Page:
As 70% of Midici's brands are new to China, and after all the recent bad press, will consumers actually believe Medici's "100% guarantee on the origin of the packing listand customs declaration." We don't think so. And if all that is not enough, DaVinci just recently came out saying how they were blackmailed by the CCTV reporter for over $150,000. Here's a good NPR report on it.
Jinan Woman Learns That Online Crime Doesn't Pay
A Jinan woman was arrested for stealing branded clothing from department stores and selling them online via her Taobao shop. After questioning, police discovered the woman had committed over a hundred acts of shoplifting to stock her online store, with damages totaling an estimated RMB 200,000. Police responded to a call from a local Jinan adidas store reporting a theft of RMB 800 in stock. Police officers then discovered a photo on Taobao closely resembling the stolen merchandise, advertised as "genuine stock." They found that the store in question sold mostly brand-name clothing at half the retail price. Police then purchased an adidas item from the suspected store, and found a mall tag inside. Curiously, the seller's location was given as Qingdao, but the shipping documents showed a Jinan address. Police then tracked down the logistics company and identified the suspect's shipping address. Upon arresting the woman, police discovered over 400 pieces of stolen brand name clothing at her residence. The woman confessed that since 2009, she regularly visited large shopping malls to "stock" her Taobao store.
We're surprised that more of this type of sticky finger activity is not reported. As an avid Taobao user we often wonder about the prices of some of the items and where they came from. Also, what were the Jinan police doing on Taobao? Regardless, kudos to the eagle-eyed police office who spotted the item which led to the arrest.
Better Life Having A Better Year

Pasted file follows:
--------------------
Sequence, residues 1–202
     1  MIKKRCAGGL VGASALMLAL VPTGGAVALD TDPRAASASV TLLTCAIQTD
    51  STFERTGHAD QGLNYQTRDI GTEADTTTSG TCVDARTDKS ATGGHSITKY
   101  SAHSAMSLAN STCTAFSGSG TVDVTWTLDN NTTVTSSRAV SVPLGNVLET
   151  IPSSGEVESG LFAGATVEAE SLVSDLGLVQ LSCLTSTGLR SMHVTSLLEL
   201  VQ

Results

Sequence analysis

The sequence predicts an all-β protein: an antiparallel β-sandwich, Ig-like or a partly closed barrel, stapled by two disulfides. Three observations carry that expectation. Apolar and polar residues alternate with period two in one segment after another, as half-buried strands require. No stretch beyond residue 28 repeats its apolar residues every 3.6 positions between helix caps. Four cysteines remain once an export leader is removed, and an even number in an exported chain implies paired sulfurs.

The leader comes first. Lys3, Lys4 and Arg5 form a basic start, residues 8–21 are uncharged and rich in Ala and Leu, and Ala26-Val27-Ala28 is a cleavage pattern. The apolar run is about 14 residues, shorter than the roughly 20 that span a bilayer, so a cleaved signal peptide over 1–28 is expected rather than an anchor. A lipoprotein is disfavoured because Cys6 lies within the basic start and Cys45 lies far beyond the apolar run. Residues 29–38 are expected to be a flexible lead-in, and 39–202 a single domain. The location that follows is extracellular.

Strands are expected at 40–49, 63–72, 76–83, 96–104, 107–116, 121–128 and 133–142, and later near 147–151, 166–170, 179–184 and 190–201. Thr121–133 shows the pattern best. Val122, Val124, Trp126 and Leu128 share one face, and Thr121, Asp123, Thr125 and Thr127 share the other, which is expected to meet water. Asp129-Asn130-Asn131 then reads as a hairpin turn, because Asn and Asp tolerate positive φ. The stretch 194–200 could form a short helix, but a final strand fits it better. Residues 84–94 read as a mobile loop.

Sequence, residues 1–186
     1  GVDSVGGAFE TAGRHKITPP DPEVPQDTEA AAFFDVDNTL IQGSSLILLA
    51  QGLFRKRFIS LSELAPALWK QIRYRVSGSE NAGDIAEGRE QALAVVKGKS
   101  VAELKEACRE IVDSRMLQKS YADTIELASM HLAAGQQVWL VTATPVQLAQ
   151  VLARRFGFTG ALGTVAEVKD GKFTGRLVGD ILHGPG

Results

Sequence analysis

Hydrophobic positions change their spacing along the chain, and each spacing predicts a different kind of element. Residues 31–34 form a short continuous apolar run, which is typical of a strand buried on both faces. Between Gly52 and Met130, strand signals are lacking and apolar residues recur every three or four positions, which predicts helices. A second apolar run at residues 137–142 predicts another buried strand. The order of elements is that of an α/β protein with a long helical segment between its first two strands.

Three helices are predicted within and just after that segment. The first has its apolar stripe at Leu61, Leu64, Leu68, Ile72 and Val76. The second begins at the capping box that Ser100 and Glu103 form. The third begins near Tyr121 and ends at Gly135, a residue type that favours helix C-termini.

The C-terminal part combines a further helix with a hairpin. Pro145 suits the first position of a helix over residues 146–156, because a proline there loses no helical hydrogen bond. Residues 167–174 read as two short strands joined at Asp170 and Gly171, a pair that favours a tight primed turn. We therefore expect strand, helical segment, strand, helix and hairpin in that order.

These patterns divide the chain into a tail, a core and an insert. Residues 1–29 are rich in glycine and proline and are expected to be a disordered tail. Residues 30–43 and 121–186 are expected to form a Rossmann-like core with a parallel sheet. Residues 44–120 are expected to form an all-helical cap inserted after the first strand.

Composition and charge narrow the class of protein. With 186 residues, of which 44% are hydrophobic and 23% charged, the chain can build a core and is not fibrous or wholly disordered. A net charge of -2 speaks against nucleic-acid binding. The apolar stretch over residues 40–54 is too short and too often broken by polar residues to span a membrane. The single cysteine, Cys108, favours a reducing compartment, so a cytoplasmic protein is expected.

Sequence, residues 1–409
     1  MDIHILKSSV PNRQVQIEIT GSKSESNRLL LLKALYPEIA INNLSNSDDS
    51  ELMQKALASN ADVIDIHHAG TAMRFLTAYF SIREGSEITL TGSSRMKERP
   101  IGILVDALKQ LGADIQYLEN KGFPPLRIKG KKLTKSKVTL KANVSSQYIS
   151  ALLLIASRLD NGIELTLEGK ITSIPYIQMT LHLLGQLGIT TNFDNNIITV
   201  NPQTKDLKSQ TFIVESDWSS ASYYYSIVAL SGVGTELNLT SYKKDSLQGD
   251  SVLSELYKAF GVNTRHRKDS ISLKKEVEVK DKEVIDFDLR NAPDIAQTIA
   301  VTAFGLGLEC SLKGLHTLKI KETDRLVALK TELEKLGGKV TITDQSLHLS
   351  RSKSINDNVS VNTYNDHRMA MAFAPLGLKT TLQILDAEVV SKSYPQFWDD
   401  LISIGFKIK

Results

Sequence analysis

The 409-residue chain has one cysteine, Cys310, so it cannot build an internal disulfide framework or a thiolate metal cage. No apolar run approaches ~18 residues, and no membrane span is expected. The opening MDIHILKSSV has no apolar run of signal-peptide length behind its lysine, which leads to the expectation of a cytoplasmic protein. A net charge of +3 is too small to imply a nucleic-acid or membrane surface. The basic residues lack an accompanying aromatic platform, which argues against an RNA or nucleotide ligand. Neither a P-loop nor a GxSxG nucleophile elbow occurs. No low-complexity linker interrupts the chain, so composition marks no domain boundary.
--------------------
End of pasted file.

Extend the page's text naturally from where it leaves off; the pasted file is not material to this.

Better Life Commercial Chain Share Co., recently announced their 2012 expansion strategy, with a plan to open over 40 new hypermarket centers across county-level cities in Hunan. Better Life's Chairman, Wang Tian, stated that the company will focus on increasing county-level market share and introducing e-commerce into smaller towns. "During the Spring Festival spending season, do you know which stores had the best sales? Not Changsha, but the smaller cities such as Yongzhou, Chenzhou, Zhuzhou, Huarong, Yueyang, Shaoyang, and Changde," Wang said.
Better Life currently has stores in 90% of the county-level cities in Hunan province. However, this is clearly not enough, Wang emphasized. For 2012, Better Life has plans to open new centers in Zhangjiajie, Hengyang, Leiyang, and Yichun in Jiangxi Province, with a total retail size of over 250,000 sqm. In 2013, new centers will be opened in Chenzhou, Huaihua, and Ganzhou in Jiangxi province.
You may not have heard of Better Life Commercial Chain Share Co., but you probably have one of their DVD players in your living room. Better Life, better known as Bubugao in Chinese, is synonymous with DVD players that will play anything you put in them.
Better Life is certainly doing well. Established in 2003, the group now has a dozen subsidiaries, over 100 supermarkets, and 17 department stores. In 2011, Better Life's hypermarket sales increased 10%, department store sales increased over 20%, and their home appliance sales have reached nearly RMB 1 billion, with group sales topping RMB 13 billion.